Audio guide devices, coronavirus and hygiene

Audio guide devices, coronavirus and hygiene

As I write this, no one knows when the coronavirus crisis will end. But there is one thing everyone agrees on: nothing will ever be the same. One of the most affected sectors is culture. Especially public places that bring people from all over the world together around their cultural offerings, such as museums, which are currently almost completely closed.

Sooner or later this unprecedented crisis will be over and museums will reopen. But the sensitivity of the public will have changed. Some habits, such as physical contact when greeting each other, will not be recovered overnight. The increase in hygiene measures will also last, especially if, as some scientists predict, the Covid-19 will still be with us for some years, reappearing in waves.

Everything points to the fact that it will be a long time before someone is willing to rest a previously passed audio guide device on their face.

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We just launched the travelling audio guide

We just launched the travelling audio guide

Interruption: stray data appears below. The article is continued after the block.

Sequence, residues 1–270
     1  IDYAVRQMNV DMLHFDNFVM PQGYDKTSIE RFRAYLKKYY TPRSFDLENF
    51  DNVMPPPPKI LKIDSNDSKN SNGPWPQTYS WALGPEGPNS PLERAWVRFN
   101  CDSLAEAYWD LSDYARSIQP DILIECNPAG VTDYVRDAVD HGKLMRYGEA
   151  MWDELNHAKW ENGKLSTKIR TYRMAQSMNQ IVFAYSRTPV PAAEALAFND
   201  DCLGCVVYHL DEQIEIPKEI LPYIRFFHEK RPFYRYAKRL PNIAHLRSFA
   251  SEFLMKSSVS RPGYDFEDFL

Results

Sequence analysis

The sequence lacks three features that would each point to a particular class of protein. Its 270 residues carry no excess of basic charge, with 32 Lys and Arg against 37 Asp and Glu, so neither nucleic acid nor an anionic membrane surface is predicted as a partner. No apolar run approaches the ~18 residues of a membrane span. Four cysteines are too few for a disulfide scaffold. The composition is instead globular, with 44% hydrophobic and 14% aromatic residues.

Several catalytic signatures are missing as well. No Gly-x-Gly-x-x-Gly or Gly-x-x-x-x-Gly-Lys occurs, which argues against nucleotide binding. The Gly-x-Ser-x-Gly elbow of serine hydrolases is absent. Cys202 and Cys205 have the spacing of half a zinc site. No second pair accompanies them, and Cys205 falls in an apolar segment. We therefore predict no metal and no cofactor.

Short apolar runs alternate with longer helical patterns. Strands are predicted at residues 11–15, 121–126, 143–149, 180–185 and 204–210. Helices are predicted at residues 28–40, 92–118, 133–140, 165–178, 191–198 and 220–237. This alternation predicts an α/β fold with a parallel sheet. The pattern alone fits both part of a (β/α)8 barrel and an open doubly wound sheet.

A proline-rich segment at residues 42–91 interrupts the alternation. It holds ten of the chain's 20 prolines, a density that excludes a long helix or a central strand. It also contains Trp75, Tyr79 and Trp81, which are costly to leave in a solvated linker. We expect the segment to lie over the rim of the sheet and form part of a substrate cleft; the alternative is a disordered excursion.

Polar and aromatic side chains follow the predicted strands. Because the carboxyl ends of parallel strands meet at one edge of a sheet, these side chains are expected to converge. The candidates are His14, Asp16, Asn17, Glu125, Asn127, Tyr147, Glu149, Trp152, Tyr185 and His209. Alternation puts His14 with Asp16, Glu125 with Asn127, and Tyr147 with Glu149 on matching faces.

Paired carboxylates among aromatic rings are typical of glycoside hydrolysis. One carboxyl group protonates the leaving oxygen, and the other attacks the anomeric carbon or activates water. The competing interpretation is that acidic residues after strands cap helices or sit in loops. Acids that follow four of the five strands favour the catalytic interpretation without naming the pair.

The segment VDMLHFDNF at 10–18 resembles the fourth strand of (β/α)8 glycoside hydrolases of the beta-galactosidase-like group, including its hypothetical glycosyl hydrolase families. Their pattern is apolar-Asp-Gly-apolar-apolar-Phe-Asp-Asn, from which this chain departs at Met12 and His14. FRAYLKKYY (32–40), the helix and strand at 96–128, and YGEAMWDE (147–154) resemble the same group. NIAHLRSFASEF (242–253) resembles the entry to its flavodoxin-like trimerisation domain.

Paying to rent an audio guide in a museum and not having time to listen to more than four or five tracks is an annoying experience. The pressure to make the most of the expense incurred creates stress, prevents due attention to what is heard, and deteriorates the visitor’s experience.

The ideal solution would be to offer the visitor an audio guide that she can keep, and that is exactly what we have been doing for a long time in Nubart.

But today we’re going to explain a new way of selling an audioguide that we didn’t have before.

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Nubart's audio guides are accessible

Nubart's audio guides are accessible

Museums strive to be places that can be enjoyed by all citizens, including those with physical impairments. That is why at Nubart we have conceived our card-shaped audio guides with an inclusive or universal design so that museums can also use them to inform visually or hearing impaired visitors about their exhibits. We’ll tell you how.

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How to get visitor data for your museum

How to get visitor data for your museum

Have you ever wondered why the flight attendant who welcomes you onto the airplane always keeps one hand behind her back?

It’s not only a polite gesture. The flight attendant isn’t just greeting you, she’s also counting you. In her hidden hand, she’s holding a passenger counter like this one: Clicker Passenger Counter People often discuss how difficult it is to interpret data. But, the other, perhaps bigger struggle, is obtaining data in the first place. As you can see, even with the cutting edge technology airplanes have today, getting a simple passenger count requires yet another creative device.

The same is true for museums. Before you can win relevant insights into your audience and develop a strategy around them, you need to find a discrete tool to obtain the data.

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